“In informal consultations, the consulting ID physician should evaluate if the original question is the right one, are there any other questions to solve, is the information given comprehensive, and also try to get an impression if the answer is understood and how will the treating physician react if the clinical situation is not progressing as expected,” Dr. Jarvinen concluded. “If there is doubt on these issues, telephone consultation might not be the best option.”
Dr. Vivian H. Chu (along with Dr. Daniel J. Sexton) from Duke University Medical Center, Durham, North Carolina, wrote an editorial that was published with the report. In an email, Dr. Chu told Reuters Health, “A significant amount of time is spent obtaining historical and clinical details that are crucial in determining patient outcomes and this time is better spent at the bedside than on the phone. As a general rule, we advise bedside consultation for all patients with S. aureus bacteremia (SAB).”
“We hope that doctors performing informal telephone or email consultations read the study carefully and take reasonable measures to attempt to avoid the poor outcomes of patients with SAB who receive telephone consultations,” Dr. Chu said. “For example, it would be useful to routinely inform doctors requesting telephone or informal consultations that management of SAB involves considerably more than picking an effective drug, ordering an echocardiogram, and deciding on an appropriate duration of therapy. Serial clinical examinations and a careful assessment of the patient’s response to treatment (as measured by resolution of fever and bacteremia) have a crucial impact on subsequent decisions.”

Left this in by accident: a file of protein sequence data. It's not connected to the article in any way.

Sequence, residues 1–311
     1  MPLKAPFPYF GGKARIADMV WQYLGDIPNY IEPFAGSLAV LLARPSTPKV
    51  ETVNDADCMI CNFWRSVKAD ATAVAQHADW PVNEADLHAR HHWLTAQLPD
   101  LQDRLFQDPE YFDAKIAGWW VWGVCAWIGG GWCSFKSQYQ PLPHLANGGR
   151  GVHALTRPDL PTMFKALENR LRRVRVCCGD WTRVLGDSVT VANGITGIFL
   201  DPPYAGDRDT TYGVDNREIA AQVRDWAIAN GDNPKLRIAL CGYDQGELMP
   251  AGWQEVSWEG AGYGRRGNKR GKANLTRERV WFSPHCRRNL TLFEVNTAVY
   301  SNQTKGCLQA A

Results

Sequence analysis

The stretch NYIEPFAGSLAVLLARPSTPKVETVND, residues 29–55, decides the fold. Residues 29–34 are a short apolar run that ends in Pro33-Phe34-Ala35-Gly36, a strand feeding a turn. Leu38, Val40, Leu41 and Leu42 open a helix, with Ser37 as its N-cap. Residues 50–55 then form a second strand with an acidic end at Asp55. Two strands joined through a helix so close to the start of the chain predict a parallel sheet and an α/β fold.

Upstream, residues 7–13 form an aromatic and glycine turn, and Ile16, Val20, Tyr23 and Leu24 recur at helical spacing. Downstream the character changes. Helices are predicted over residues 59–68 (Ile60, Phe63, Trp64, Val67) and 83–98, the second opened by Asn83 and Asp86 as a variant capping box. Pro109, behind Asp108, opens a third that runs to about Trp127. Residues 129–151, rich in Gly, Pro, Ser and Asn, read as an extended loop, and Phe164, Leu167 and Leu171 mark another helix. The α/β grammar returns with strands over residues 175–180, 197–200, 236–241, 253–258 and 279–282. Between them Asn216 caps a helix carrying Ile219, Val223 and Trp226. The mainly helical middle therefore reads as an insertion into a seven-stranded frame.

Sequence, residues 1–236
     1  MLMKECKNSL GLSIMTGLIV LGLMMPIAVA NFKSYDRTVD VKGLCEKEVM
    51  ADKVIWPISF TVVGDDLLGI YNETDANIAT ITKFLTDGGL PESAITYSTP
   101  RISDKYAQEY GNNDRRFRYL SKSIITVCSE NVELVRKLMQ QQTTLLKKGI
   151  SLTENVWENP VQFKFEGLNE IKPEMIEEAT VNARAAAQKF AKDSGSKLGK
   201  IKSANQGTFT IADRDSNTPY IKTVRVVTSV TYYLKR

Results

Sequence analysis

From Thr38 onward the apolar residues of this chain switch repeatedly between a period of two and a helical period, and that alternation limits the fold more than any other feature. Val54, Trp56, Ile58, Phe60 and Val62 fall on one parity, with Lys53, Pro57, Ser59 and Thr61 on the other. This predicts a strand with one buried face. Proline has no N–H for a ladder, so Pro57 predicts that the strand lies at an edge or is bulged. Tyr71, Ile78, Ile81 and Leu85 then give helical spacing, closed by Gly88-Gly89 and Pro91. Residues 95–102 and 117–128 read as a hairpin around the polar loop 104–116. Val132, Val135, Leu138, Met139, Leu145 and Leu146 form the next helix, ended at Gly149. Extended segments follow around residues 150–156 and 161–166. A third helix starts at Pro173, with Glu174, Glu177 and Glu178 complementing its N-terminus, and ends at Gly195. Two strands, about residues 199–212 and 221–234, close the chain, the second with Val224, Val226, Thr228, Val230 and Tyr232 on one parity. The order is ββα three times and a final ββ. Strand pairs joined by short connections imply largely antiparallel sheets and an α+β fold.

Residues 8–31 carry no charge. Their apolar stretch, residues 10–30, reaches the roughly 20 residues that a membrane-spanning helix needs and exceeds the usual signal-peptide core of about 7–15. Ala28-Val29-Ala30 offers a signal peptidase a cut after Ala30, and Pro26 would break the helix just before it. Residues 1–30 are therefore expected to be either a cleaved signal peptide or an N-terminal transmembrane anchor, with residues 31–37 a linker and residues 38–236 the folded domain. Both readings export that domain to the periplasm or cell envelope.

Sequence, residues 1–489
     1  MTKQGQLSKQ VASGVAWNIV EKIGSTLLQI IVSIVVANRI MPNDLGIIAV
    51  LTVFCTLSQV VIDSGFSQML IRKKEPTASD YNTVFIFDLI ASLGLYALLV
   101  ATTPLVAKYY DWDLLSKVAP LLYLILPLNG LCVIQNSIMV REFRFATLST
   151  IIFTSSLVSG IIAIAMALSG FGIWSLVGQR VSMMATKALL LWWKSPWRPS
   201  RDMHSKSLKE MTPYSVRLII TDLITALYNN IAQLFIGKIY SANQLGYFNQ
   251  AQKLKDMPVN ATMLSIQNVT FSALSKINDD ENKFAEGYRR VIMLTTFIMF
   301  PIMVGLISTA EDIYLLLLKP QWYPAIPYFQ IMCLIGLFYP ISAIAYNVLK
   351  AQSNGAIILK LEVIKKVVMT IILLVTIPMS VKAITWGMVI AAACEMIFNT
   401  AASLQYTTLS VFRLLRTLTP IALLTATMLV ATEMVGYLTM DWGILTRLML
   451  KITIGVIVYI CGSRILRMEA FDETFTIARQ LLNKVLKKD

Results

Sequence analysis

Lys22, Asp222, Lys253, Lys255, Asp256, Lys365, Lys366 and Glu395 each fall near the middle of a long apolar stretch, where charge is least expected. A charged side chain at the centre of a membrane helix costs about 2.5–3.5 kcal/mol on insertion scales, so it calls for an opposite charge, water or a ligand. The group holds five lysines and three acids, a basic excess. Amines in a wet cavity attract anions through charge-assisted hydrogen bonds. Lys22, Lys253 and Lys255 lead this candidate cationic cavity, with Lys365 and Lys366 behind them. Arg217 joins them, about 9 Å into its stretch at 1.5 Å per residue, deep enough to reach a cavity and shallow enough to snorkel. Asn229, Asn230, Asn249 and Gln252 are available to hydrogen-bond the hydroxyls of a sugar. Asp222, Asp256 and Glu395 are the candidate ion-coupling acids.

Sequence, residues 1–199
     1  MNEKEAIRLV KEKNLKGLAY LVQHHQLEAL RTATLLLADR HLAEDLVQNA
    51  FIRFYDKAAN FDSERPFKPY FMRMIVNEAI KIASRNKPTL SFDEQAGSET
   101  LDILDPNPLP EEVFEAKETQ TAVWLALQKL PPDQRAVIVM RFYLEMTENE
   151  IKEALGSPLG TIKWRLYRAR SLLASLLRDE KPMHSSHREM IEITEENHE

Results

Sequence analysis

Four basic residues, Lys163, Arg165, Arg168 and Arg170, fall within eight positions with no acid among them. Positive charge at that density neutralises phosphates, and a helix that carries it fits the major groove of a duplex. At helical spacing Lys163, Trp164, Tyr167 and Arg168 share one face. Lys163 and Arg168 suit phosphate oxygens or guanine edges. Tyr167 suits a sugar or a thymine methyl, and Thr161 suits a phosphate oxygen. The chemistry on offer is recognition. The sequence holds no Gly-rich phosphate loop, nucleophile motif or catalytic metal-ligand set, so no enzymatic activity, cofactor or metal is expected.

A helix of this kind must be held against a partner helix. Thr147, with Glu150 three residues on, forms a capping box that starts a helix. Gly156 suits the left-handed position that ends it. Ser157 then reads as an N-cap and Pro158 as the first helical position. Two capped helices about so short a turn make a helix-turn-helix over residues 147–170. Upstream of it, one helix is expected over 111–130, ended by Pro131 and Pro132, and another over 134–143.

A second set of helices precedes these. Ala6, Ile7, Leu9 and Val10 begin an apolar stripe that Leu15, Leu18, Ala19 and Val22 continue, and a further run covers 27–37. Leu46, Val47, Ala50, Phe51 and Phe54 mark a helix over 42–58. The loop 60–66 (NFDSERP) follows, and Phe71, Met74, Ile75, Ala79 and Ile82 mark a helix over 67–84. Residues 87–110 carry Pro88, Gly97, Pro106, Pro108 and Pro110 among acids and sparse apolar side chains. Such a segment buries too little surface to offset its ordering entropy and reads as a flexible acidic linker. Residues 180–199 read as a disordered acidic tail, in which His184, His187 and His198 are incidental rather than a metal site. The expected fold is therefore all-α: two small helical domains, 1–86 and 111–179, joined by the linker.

“For hospitals that do not have ID specialists on staff, telemedicine may provide an option for patients with SAB and other serious infectious diseases,” Dr. Chu added. “However the technology for such consultations is imperfect and the impact and relative benefit of such interactions have not been adequately studied. Further studies examining the relative benefit of consultation via telemedicine as compared to telephone consultations are needed.”
Dr. David L. Smith from University of Mississippi School of Medicine in Flowood also commented on the study for Reuters Health.
“There is no such thing as a telephone ‘consultation’ in medicine,” Dr. Smith said in an email. “A consultation requires that the consulting physician examine the medical record, directly examine the patient, and make recommendations as to care and treatment in the medical record. The only exceptions to this rule are in emergency situations–wartime, natural disasters, etc., in which transport of the patient is not possible. Even in this situation–a physician is giving advice not a consultation. Yes it is inadequate–especially in an entity which carries a 20-40% mortality.”
Clin Infect Dis 2012.